In 1982, six years after Lou Austin died, his wife Virginia passed away. That summer, we found ourselves at Dinner on the Hill, and, I kid you not, yes, there were TWO rabbits there to greet us, calmly and contently sitting side by side in the exact spot on the hill where the lone rabbit in previous years had stood. There are two Dinners on the Hill per week at this place, and both rabbits made it to both dinners. I couldn’t make this up, believe me. Truth IS stranger than fiction.

    These days, every time I see a cardinal I take it as a good omen. I nod in its direction. I defer with respect. I pause and take a moment to reflect. No, to me, a cardinal is no longer a bird, it’s a friend. An old friend. Checking in. As if to say: “I see you. I’d like you to see me. And all is well.”

    • The first part of your comment really grabbed me. When my Oma died in 2003 we began to be visited by a bright red cardinal. He would sit on the window sills and gently tap on the window. Fly to another window, tap, tap, tap. And repeat. Every day. Every summer. For the rest of the time that we lived there. Every time I see a cardinal, I think of her now. The similarities are exciting and eerie!

      • Tim Masters

         /  June 10, 2012

        Isn’t it strange? As I mentioned in my reply to the post, you are not the first person to share a similar story with me…and I find it amazing that in every instance it’s a cardinal.

      • It really is amazing. Our cardinal helped to bring a lot of comfort during our grief. 🙂

    • Danny Tanner

       /  June 10, 2012

      And knowing this resort, I can picture exactly where the rabbit stood. So maybe it’s not just us –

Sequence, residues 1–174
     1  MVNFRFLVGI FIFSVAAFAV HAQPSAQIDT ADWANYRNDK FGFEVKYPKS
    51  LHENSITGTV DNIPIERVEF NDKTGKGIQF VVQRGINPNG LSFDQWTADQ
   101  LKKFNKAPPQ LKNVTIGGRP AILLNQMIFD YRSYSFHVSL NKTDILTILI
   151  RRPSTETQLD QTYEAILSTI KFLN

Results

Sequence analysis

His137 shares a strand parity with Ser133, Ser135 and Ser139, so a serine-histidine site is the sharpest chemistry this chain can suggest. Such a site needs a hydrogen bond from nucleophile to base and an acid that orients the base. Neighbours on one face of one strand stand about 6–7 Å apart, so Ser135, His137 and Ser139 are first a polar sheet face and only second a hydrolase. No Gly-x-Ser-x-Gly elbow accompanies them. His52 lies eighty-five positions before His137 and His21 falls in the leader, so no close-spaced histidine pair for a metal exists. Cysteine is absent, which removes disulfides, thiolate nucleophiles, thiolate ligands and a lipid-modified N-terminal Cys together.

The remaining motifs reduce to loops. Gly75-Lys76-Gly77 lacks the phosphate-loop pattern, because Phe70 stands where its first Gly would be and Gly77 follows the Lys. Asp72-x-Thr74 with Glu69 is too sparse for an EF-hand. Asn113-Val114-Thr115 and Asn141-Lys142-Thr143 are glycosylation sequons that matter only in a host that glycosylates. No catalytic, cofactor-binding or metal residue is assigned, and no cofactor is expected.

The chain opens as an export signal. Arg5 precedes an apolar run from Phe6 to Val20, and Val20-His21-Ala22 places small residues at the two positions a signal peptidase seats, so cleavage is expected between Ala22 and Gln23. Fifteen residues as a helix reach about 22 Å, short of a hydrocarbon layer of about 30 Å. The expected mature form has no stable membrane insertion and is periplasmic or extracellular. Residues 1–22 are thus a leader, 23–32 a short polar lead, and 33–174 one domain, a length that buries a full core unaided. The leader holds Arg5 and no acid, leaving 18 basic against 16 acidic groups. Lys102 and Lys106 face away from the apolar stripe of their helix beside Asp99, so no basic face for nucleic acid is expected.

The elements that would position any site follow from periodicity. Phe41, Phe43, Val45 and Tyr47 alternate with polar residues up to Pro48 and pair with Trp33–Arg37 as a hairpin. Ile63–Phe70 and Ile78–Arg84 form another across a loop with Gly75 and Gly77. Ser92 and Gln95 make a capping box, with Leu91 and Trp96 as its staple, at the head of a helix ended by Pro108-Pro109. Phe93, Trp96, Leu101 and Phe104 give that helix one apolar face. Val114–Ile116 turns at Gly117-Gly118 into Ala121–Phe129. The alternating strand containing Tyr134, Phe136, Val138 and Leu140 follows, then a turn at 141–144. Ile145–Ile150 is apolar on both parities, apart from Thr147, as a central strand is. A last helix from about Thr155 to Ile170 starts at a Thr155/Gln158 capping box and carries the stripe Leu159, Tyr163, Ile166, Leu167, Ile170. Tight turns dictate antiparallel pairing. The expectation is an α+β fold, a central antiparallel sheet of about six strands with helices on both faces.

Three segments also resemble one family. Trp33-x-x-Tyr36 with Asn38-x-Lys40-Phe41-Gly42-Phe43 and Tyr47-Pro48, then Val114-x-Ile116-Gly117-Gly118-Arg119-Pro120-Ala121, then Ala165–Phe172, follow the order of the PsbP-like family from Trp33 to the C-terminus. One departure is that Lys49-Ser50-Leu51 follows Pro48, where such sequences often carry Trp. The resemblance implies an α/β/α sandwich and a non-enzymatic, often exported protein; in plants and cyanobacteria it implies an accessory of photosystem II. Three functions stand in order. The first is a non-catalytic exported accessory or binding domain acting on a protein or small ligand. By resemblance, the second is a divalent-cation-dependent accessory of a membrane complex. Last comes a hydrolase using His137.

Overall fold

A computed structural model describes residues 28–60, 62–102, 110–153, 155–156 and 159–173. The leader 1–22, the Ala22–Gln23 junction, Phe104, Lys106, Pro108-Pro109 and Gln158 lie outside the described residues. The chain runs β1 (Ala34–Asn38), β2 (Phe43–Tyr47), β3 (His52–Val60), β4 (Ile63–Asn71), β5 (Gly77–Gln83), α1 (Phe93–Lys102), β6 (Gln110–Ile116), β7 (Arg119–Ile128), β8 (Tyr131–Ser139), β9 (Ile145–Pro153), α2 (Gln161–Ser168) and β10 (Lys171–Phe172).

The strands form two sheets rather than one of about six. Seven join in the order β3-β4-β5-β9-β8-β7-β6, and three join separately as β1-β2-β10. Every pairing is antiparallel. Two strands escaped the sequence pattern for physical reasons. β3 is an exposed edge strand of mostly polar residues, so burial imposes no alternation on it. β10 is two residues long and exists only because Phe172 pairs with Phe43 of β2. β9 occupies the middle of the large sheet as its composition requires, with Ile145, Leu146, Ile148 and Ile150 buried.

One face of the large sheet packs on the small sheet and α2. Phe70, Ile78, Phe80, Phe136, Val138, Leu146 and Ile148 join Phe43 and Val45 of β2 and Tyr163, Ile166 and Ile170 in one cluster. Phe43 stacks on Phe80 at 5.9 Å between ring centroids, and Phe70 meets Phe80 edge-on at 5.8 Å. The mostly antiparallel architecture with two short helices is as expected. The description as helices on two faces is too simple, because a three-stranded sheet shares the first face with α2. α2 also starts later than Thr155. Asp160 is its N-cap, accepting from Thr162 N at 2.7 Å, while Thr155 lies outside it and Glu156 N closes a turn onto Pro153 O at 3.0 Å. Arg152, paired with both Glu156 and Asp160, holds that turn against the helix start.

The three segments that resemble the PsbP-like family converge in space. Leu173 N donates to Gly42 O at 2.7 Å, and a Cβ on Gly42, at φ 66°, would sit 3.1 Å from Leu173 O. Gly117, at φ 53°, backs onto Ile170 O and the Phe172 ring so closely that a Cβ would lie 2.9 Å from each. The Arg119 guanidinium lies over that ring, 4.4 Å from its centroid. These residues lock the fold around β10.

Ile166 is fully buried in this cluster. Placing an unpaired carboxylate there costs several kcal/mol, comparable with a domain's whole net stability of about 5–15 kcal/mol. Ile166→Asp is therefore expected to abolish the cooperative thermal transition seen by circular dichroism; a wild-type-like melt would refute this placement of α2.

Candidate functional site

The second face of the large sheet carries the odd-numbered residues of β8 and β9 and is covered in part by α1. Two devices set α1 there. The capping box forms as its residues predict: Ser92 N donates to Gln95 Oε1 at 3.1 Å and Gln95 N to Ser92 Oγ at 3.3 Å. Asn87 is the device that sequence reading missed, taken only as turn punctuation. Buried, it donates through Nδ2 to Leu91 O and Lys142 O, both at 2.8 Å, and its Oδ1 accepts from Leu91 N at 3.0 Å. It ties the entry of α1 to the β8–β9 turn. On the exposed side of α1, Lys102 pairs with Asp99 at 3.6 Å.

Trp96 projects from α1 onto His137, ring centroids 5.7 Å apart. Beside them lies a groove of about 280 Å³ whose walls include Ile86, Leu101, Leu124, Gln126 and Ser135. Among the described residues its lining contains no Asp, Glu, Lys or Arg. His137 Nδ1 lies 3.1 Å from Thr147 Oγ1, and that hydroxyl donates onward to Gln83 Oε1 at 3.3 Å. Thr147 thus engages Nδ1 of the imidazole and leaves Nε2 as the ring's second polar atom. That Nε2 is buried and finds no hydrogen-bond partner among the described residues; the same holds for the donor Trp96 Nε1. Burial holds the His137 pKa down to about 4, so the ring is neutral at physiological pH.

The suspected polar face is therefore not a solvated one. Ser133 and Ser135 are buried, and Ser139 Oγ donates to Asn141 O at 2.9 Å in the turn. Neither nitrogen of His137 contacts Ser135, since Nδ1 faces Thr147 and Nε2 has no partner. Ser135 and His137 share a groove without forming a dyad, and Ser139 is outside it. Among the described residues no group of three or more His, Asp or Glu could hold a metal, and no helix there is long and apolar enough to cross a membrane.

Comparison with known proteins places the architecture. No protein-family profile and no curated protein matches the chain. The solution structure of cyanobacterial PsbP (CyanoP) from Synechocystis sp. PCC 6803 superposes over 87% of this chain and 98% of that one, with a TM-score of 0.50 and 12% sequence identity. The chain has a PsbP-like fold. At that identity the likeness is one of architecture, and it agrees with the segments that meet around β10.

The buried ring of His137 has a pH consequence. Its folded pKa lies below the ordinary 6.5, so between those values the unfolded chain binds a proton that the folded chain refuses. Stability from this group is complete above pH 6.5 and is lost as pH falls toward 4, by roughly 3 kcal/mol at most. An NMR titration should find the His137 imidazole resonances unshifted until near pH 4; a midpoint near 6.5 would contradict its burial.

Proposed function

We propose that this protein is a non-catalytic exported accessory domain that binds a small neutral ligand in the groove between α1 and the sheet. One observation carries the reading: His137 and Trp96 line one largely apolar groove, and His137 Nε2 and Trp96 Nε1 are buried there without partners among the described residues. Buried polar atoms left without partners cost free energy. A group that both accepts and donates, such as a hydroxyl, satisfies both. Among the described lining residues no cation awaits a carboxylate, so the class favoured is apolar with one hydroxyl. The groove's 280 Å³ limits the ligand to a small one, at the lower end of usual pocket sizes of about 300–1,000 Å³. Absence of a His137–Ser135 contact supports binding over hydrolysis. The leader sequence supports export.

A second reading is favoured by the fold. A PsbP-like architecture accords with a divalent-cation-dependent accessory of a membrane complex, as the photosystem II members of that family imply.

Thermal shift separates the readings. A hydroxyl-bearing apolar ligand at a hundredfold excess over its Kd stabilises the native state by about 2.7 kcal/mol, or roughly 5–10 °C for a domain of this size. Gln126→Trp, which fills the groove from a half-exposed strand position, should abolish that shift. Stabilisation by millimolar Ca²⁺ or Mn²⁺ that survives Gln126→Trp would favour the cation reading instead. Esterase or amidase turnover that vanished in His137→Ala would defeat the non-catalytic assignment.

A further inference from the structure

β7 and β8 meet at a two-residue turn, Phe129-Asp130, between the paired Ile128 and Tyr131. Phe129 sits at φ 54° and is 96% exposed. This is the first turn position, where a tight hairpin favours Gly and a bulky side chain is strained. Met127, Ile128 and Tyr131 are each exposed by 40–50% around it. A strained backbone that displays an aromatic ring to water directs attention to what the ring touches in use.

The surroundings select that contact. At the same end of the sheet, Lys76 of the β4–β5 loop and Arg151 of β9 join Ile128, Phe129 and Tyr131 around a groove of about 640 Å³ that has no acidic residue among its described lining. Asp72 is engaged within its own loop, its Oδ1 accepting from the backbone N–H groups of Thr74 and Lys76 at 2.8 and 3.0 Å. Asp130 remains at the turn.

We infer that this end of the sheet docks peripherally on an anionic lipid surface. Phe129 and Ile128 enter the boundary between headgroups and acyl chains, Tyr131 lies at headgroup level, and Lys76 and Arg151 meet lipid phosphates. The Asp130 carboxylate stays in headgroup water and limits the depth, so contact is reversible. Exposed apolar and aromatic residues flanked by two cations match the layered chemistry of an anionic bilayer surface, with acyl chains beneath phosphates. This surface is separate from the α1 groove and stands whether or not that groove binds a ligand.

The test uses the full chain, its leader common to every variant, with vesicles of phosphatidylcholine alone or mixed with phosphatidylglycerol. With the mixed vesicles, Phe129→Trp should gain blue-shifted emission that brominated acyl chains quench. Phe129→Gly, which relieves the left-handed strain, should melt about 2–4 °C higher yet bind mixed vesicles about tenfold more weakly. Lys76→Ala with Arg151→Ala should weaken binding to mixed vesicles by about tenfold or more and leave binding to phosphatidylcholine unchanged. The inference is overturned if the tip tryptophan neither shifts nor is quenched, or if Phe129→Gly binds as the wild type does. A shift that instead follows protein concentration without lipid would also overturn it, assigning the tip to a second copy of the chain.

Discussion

2. Tim Masters

     /  June 10, 2012

    Disregard this first post. I accidentally hit POST before finishing. I finished and re-posted (below). So you can delete the Comment that ends with the word “fly-overs” and keep the other one, if you so desire.

  3. Chatter Master

     /  June 10, 2012

    Absolutely soul grabbing. Thank you for sharing this. There seems to be a lot of beauty and love in your life. I feel a blessing just having read this.

  4. Mel Ham

     /  June 10, 2012

    birds and angels have wings. Too many times have I heard of birds comforting grieving souls. They get close and it makes you stop. Unlike the regular days we have when we are all so busy and miss out on some of the singing. I know why the blue bird sings.

  5. Susan Disher

     /  June 10, 2012

    Bruce…just say “thank you”…a grace note and a hug from our Abba Father…can’t tell you the number of times that I have caught a glance of a young man who could our son…always a blessing and a smile…and confirmation that all’s right between my world and his…

    • Danny Tanner

       /  June 10, 2012

      I think you’re right – the bird brough laughter and comfort. Maybe just s simple gift.

  6. Marian

     /  June 10, 2012

    Do not under estimate the dreams….l10 years after dad died…. A hummingbird took up residence in my life…..unbeknownst to me my sister had contacted a psychic…don’t really know why..the psychic told my sister…that dad was watching over us as a hummingbird…… Then after mom died….an owl hung out at my house for 2 days….i had collected owls as a child……..embrace the coincidence

  7. Francie Reding

     /  June 15, 2012

    I don’t doubt for a minute that Lisa was there with you. God is great, and there are always daily reminders of that; we just have to be willing to receive the message. Plus, Lisa REALLLLY wanted to go to Hawaii!.